Zen simply means "meditation." It is the practice of inquiry, the act of studying the self, of looking into the matter of our lives directly, of investigating the fundamental questions that arise from our sentience: Who are we? Why are we here? Why do we suffer? What is our correct role in this world? How can we truly help?
In keeping these questions alive and open without containing them in tidy answers, we awaken to seeing things as they truly are, which is to say as constant change and flux. And in this openness arises our original nature, which is compassionate, concerned with alleviating the suffering of all beings.
Cincinnati Zen Center is a 501(c)3 Non-Profit Religious Organization
PO Box 14841, Cincinnati OH 45205
© 2018 Cincinnati Zen Center
Zen Master Dae Gak, in his book Going Beyond Buddha, describes entering this practice through the act of listening:
Listening is the fundamental practice of any spiritual path. By definition, to listen means to pay attention in order to hear, to heed, or to attend. In listening, we perceive things as they are. It takes no particular skill or understanding to listen. It only takes trying. Because we are humans, we are compassionate by nature. But our compassion becomes lost in self-interest. Listening is a practice that returns us to our true way. The way of human beings. The way of compassion.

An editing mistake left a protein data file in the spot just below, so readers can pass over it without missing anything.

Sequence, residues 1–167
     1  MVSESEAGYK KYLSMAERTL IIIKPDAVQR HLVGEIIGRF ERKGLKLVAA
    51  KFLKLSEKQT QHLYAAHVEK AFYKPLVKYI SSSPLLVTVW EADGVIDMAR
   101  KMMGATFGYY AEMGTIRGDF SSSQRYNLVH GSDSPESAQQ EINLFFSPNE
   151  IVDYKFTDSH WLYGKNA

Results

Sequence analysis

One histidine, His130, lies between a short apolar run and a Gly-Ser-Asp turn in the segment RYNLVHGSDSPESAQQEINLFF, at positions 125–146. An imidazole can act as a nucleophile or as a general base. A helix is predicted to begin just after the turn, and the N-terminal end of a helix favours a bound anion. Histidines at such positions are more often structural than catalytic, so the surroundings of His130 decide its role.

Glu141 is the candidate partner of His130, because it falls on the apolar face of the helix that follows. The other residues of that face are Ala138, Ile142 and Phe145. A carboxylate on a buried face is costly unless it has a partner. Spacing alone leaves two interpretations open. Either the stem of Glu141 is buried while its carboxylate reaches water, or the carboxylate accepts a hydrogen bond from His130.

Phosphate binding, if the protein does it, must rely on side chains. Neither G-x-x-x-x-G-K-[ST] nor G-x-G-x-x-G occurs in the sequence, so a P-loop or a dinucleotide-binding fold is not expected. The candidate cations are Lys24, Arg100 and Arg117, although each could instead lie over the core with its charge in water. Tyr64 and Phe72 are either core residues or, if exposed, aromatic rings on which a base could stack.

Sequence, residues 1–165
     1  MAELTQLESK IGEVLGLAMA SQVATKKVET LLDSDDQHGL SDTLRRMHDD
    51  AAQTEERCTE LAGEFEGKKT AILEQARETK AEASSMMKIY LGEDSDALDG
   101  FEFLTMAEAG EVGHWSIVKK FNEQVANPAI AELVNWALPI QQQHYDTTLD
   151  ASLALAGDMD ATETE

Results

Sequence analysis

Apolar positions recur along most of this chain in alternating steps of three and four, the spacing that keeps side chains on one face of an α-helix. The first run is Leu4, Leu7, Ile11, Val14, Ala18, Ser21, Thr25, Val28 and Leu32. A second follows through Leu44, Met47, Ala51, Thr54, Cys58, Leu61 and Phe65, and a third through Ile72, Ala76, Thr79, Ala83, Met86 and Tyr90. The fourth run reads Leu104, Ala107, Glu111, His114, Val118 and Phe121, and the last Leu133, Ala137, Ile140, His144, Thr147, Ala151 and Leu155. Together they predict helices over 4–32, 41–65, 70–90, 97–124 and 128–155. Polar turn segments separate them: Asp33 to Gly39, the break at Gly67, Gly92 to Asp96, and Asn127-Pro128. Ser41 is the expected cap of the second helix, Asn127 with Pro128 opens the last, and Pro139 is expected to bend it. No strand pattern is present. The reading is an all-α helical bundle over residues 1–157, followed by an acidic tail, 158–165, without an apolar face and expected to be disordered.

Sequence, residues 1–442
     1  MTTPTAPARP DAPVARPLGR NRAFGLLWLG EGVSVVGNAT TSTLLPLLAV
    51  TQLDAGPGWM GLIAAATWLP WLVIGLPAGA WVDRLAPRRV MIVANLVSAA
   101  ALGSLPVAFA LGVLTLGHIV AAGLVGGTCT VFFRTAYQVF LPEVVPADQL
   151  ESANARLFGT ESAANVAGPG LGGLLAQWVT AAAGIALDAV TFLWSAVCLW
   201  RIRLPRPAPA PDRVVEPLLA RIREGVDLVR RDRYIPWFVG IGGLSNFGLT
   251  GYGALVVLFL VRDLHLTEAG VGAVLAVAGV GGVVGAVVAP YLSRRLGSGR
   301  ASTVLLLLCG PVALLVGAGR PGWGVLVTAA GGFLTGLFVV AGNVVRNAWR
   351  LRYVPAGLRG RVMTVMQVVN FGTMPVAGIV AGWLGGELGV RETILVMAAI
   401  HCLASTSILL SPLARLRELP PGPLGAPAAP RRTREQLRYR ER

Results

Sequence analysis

Zen is also known as the direct mind-to-mind transmission outside of scripture and word. To study Zen is to take up this practice with a teacher who has been given this transmission to teach from a teacher who has been given transmission, and so on, tracing his or her lineage back to the historical Buddha Shakyamuni.
We practice Sitting, Walking and Chanting meditation.
Sitting is the activity of stillness, of looking directly into the nature of the mind. We sit for periods of 30 minutes. There are many postures appropriate for sitting practice (including kneeling on cushions or using a chair), so that discomfort can be minimized.
Walking is an activity of movement which involves interacting in a conscious and intentional way with the body-mind. It provides a chance to stretch the legs after sitting, but also provides the opportunity to take the mind of practice into motion, bridging the gap that can arise between life on the cushion and life off the cushion.
Chanting is a practice consistent worldwide among contemplative traditions. When we chant, the singular voice interacts and merges with the group voice. We recite chants from a variety of Zen lineages and in several languages. Chant sheets are provided.
Our regular sessions consist of opening with Chanting, then Sitting for two periods of 1/2 hour each with a Walking period in between. There is also time for tea and fellowship after practice.
Please arrive ten minutes early, since we lock the doors to maintain privacy and security promptly at the start times. Although dress is casual and comfortable, clothing is an element and expression of the meditation experience. Black or subdued colors are most supportive of practice in the dharma room.
Please don't let unfamiliarity with meditation forms be a reason for not investigating Zen. Participants at all levels of experience are always welcome. Just let someone know you are visiting for the first time and you will receive some basic orientation. For those who wish for a more formal entry we offer introductory workshops several times a year.
Resident Teacher Myo Wol also offers monthly Dharma talks and one-on-one interviews. See the for the schedule.
Regular Sunday practice is not held during weekends when a retreat is in progress at the CZC.